Health experts say that one dose of the Pfizer or Moderna COVID-19 vaccine is effective against the coronavirus, according to
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New research from the Centers for Disease Control and Prevention has determined that Pfizer and Moderna’s mRNA vaccines for COVID-19 are “exceedingly effective at preventing the disease after just one dose.”
A recent study analyzed data from at least 3,950 health professionals and essential and frontline workers who underwent weekly testing for the coronavirus for a duration of 13 weeks after they were vaccinated.
“[R]esearchers discovered that the vaccines were 80 percent effective at preventing COVID-19 after one dose, and 90 percent effective after two doses,” the outlet noted.
In clinical trials, the Pfizer-BioNTech vaccine was 52% effective after just one dose, and 95% effective after two doses.
For Moderna’s clinical trials, the vaccine was 50.8% effective up to two weeks after the original dose and 92.1% effective after that, with an efficacy of 94.1% after two doses.
Dr. William Schaffner, infectious diseases specialist and professor at the Vanderbilt University School of Medicine, said that he’s “not entirely sure” why there has been such a large increase in how effective the COVID-19 vaccines are in preventing disease after just one dose.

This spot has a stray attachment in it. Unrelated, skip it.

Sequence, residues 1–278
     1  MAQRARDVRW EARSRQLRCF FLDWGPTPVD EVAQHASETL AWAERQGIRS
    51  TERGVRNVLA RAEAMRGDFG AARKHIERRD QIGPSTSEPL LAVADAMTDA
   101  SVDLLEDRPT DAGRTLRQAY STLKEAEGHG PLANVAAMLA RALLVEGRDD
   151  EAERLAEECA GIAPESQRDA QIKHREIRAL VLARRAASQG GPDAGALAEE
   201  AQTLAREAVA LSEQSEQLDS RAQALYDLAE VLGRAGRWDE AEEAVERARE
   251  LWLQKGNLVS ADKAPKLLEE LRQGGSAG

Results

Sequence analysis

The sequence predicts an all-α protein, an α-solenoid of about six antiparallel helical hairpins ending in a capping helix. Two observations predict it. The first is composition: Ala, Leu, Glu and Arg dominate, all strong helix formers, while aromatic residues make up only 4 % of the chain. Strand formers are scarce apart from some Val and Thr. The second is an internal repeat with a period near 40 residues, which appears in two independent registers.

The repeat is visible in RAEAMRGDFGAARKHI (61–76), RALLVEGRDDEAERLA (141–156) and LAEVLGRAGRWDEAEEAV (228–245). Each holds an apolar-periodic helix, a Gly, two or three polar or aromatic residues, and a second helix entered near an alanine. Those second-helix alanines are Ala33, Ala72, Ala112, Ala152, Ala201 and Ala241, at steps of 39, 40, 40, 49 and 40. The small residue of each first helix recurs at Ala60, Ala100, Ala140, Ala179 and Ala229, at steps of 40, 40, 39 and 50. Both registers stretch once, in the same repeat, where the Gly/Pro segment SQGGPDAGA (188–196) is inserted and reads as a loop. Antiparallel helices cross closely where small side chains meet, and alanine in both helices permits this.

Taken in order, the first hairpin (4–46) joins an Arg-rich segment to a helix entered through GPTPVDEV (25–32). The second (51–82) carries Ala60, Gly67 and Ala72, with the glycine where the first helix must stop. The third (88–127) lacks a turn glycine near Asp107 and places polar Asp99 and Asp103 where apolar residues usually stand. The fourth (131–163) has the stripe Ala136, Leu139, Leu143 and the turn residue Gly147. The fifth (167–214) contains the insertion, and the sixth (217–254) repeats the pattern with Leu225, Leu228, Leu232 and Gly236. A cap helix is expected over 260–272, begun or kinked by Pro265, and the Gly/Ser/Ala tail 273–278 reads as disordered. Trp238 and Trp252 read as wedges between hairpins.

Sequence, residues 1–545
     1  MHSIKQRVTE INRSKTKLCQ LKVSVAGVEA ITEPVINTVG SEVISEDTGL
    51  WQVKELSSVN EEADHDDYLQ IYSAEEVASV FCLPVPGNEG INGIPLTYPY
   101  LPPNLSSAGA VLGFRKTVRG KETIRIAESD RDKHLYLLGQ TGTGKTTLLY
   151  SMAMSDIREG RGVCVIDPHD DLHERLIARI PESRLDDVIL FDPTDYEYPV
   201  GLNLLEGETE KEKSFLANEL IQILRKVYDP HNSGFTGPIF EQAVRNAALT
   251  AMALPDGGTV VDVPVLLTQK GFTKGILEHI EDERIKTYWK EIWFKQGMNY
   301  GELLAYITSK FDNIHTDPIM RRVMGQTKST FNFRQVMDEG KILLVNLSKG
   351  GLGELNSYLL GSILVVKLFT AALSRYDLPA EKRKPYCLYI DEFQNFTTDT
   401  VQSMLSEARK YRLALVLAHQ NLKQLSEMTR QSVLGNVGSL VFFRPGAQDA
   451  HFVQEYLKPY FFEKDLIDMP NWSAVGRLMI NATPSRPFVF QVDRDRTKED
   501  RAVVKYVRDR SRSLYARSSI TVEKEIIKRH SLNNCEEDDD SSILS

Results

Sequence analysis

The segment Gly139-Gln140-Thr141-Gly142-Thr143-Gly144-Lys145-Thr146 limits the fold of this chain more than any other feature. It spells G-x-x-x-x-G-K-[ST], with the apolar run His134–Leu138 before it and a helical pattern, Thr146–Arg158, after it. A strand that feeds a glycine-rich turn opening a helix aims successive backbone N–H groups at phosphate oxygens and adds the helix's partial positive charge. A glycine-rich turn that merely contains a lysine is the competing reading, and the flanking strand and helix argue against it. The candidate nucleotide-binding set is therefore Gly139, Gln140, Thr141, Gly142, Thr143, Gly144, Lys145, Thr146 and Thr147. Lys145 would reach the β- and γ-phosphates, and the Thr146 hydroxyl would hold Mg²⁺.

“[T]his is data from continuing analysis of larger populations,” he told the outlet, “and it’s encouraging.”
The encouraging data, according to Dr. Shobha Swaminathan — an association professor in the Division of Infectious Diseases at Rutgers University — “supports what many of us have felt.”
“After two weeks, most vaccines will have some efficacy, and the degree of efficacy would relate to the potency of the vaccine,” Swaminathan said.
Swaminathan added, “We do not know how durable the vaccine response will be for these products if people stop at one dose.”
But experts say that it remains of utmost importance for people to receive two shots of a two-shot COVID-19 vaccine series.
“I do think we need that second dose in order to get maximum protection,” Schaffner added, insisting that people get “much more antibodies” when they receive the second dose. “Please get the second dose. You need to get complete protection. We can’t tell you that you’re going to have 95 percent protection on the basis of a single dose, and you’re likely to have longer protection this way.”
Dr. Thomas Russo, professor and chief of infectious diseases at the University of Buffalo in New York, added, “I can’t emphasize enough how important it is to get the second dose. … Only a minority of people have severe, systemic symptoms. Even if you have flu-like symptoms, you take a ‘vaccine day.’ It’s a small price to pay for getting a really tremendous degree of protection from this coronavirus.”